England’s supporting cast turned in another A-list performance against Pakistan sealing the Royal London Series at Lord’s in front of English cricket’s biggest crowd in almost two years.
With no attendance limits in place for the first time since the onset of the pandemic, just under 23,000 fans roared the fresh-faced home side to a 52-run victory and an unassailable 2-0 lead.
With the first-choice squad still in quarantine after a Covid outbreak, the second string stepped up for the second time in three days. Phil Salt top-scored with 60, Saqib Mahmood was excellent again with the new ball, all-rounder Lewis Gregory paired 40 vital runs with three wickets and wicketkeeper John Simpson showcased some impeccable glovework.
The result was in the balance when England were bowled out for 247, but Pakistan finished well short on 195 all out against disciplined opponents.
England were asked to bat first after chasing successfully in each of their last four matches and soon found themselves in a spot of bother as Dawid Malan and Zak Crawley followed unbeaten half-centuries last time out with matching ducks.
Malan was the first of five scalps for Hasan Ali when he squirted to second slip, while Crawley saw his off stump flattened by a rocket of a yorker from Shaheen Shah Afridi.
It fell to rookie opener Salt to reset the tone and he began by sauntering down the pitch to Hasan and crashing him impishly for four. That was the highlight of a colourful knock, which contained 10 boundaries, a handful of fresh-air shots and a selection of edges. His 60 was more rambunctious than refined, but his fearless style did much to paper over the initial setbacks.
After an early nick fell short, James Vince had fun too. He poured himself into a selection of pulls and cuts and showcased his timing as he reached a career-best 56.
It took the introduction of spin to end a partnership of 97, Salt botching a sweep against Saud Shakeel and Vince foxed by Shadab Khan’s googly.
There was no doubting the prize scalp, Stokes (22) aiming a mighty golf swing towards extra cover but misreading the angle and seam movement at the cost of his off stump.
England were vulnerable at 160 for seven, but were bolstered by a 69-run stand between Gregory and Brydon Carse (31). Both men were batting for the first time in ODIs but ran furiously, put away bad balls and held their nerve as they powered their side towards a competitive score.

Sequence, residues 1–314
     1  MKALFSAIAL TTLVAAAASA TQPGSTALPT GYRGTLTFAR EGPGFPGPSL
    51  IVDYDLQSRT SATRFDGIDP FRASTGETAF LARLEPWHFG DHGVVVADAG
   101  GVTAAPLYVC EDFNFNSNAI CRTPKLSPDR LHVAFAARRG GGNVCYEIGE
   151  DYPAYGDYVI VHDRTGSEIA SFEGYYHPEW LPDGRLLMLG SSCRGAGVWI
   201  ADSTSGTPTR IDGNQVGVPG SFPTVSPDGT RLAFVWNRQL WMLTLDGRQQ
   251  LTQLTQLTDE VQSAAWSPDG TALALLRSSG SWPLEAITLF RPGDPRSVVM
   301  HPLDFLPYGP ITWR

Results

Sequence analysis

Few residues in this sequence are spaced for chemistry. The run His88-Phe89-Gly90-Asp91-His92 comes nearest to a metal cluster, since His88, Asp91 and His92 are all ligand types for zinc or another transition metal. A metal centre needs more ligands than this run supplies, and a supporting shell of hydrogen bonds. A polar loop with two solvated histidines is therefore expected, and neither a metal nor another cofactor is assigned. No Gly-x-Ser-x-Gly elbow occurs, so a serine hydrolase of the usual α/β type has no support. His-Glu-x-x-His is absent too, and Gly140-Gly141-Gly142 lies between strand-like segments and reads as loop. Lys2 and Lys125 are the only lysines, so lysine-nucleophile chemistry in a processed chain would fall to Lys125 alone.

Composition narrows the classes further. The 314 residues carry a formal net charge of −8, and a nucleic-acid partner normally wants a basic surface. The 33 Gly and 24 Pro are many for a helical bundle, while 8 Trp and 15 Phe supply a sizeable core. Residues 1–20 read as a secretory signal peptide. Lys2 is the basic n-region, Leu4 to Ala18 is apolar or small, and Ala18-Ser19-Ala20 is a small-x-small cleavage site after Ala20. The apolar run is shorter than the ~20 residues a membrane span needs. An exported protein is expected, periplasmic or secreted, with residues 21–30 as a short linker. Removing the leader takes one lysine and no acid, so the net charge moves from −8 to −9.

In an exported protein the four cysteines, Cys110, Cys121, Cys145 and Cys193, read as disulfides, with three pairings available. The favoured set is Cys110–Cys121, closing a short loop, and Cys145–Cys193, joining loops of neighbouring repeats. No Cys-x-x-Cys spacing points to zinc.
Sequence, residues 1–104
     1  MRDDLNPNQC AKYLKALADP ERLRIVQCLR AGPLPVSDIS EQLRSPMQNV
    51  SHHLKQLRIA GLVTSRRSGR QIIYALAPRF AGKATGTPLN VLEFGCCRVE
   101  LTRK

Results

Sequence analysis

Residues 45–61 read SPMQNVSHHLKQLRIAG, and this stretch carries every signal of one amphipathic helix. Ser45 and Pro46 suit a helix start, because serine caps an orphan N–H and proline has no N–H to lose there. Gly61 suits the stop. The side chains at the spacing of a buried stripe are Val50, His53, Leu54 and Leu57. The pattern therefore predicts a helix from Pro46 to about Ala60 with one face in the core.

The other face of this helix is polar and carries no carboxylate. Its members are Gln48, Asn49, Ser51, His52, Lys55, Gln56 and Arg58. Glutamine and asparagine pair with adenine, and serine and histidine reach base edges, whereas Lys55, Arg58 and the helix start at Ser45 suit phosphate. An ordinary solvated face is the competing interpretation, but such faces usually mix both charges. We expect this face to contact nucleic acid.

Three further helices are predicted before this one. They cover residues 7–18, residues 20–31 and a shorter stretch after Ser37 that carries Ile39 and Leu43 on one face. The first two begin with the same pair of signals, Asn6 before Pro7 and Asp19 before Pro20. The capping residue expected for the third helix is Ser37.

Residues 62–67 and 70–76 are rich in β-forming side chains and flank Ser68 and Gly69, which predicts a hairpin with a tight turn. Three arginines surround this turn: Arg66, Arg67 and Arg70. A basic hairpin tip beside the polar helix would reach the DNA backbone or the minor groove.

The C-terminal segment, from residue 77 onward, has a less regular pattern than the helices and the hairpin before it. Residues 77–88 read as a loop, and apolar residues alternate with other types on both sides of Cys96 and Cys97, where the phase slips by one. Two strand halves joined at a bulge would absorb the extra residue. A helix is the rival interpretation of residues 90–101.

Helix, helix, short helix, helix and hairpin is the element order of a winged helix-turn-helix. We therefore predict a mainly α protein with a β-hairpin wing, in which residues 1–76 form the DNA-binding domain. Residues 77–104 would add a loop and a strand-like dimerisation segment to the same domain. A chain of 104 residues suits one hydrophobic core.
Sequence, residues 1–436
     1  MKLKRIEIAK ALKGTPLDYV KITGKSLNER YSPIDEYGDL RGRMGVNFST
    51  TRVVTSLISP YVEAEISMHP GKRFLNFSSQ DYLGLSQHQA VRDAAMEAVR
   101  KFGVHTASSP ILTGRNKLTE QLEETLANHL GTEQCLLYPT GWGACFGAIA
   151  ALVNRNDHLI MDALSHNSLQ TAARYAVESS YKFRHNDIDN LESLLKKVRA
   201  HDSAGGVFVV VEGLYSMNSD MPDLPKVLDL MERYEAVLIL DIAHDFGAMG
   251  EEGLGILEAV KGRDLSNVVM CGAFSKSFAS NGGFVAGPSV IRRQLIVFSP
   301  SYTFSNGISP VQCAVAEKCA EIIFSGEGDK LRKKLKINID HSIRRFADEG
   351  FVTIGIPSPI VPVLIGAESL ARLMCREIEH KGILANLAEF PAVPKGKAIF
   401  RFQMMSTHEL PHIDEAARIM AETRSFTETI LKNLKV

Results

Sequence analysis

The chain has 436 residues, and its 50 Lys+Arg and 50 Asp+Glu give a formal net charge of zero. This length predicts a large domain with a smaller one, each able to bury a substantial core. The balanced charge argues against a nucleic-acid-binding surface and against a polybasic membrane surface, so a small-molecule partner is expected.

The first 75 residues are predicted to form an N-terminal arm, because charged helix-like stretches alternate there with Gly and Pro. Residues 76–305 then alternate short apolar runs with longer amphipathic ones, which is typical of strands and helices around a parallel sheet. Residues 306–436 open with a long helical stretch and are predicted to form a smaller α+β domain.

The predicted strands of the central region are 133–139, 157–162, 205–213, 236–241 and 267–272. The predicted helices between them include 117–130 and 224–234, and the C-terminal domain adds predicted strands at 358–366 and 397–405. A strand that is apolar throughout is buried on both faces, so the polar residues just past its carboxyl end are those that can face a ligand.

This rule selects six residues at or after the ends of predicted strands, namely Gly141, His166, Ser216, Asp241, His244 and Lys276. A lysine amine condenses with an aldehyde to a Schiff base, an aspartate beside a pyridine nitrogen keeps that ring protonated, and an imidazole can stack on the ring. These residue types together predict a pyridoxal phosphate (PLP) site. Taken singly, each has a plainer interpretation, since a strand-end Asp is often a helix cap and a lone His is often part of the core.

Pakistan would still have been happy with their work but were quickly undermined by the loss of three wickets for 36 as they began their chase.
Gregory struck with his first delivery, pushed across Imam-ul-Haq who obliged with an edge, and would later return to see off Shadab and Haris Rauf to complete a fine all-round show.
Mahmood also impressed. For the second game in a row he got the best of Babar Azam, jagging one in hard at the world’s number one batter, beating the drive and winning a back-leg lbw. Scouring for nicks with pace and movement, he then had Mohammad Rizwan caught behind for five, and ended a formidable spell with four slips.
Fakhar Zaman survived the examination but retreated almost entirely, scraping together 10 from 45 balls before being put out of his misery by Overton. The Somerset seamer was punched back by Sohaib Maqsood, who swiped a pair of long sixes, but won the duel when a top edge sailed into Simpson’s gloves.
Having settled under that swirler, the 32-year-old soon had the chance to exhibit the breadth of his repertoire. When Faheem Ashraf flicked Matt Parkinson down the leg-side he probably expected to pick up four runs, but was stunned to see Simpson anticipate the shot and take a remarkable reaction catch.
Hasan launched a do-or-die assault, smashing 31 in seven deliveries including three consecutive sixes off Parkinson, but was bounced out by Carse before he had really made a dent in the target.
The leg-spinner also kept his nerve, having Pakistan anchorman Shakeel caught in the deep for 56, with Gregory and the diving Simpson finishing things off when Rauf gloved a bumper.